Are you focusing on the products that matter most?
So, it’s the first full week of January. Many of you will now be 9 days into your New Years resolutions. How many have you got – 1, 2, 3, 5+…? And how are you getting on?
The experts say that those of you have picked one resolution have a much better chance of succeeding than those of you who have a number of resolutions. Come up with 5 vague resolutions and you will most likely have given up on them by the end of January. Focus on 1 specific resolution and the chances are you will succeed. Spreading your effort too thinly typically leads to failure. Focus typically leads to success.
We think there is an interesting parallel in our industry when we look at brands and products. The big temptation for brand owners is to focus on the new and different. What is the fashionable new flavour or scent? What is going to be the next super ingredient?
Of course newness does play an important role. Categories and brands need to move on and create interest. Without this, the supermarket would be a pretty boring place.
However, we mustn’t fail to recognise that eating and consumption habits take a pretty long time to change. Most people are creatures of habit and tend to buy similar things week in, week out. So, whilst brand owners would love to launch the fantastic new blueberry, guava and acai flavours of ice cream, shoppers are most interested in buying vanilla. This is where the fish are – vanilla in ice cream, strawberry in yoghurt, tomato in soups.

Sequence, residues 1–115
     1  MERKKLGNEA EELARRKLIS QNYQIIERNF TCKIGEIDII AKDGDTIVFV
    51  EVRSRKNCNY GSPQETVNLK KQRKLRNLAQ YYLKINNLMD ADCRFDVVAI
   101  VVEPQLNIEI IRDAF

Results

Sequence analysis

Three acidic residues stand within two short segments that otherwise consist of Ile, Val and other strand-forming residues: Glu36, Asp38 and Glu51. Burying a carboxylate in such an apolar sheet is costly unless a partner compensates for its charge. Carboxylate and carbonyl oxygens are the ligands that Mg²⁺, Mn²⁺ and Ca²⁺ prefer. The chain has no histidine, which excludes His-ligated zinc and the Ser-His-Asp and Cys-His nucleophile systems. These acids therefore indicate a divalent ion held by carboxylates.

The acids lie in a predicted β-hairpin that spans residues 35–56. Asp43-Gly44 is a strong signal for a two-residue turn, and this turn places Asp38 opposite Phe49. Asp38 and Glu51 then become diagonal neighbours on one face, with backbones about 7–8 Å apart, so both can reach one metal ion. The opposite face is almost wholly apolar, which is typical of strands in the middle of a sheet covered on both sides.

So where do you put your resources? On the products that most shoppers buy or the new ones you hope they might buy one day? And where is the greatest competition? Well, if you’re a brand competing against private label, or a brand or retailer competing against the discounters, it’s on the high volume lines. The biggest selling product formats and flavours. The competition is backing tomato, whilst you might be thinking about aubergine. Which is more relevant to more shoppers?
So, if you choose to focus on fishing where the fish are, how can you go about it?
Firstly, it is about brilliantly delivering on the products themselves. Are you offering superior product quality on the best-selling variants or flavours? Do you have a quality advantage versus your key competitors?
Secondly, having a compelling proposition. Giving shoppers a clear reason to buy your brand. Be specific. Why are you good, better than the competition and therefore worth paying for?
Thirdly, giving products the space they need on shelf. In most categories, the best selling lines are under spaced, which impacts availability and the ease of shopping. We often need to over space growing parts of the category. That is fine. But squeeze the space of the flavour, variant or brand tail, not the space of the high volume products.
We think a great recent example of all this has been Heinz Ketchup. They have never taken their eye off the core, consistently communicating and activating around the quality of classic tomato ketchup. Yes, they have still been doing plenty of other things, but they have never stopped fishing where the fish are.
So, next time you think about your category or brand strategy, ask yourself are you fishing where the fish are? Are you putting enough attention into the big volume lines, and doing the right things to win where the competition is fiercest?
Have a great weekend and speak to you next week.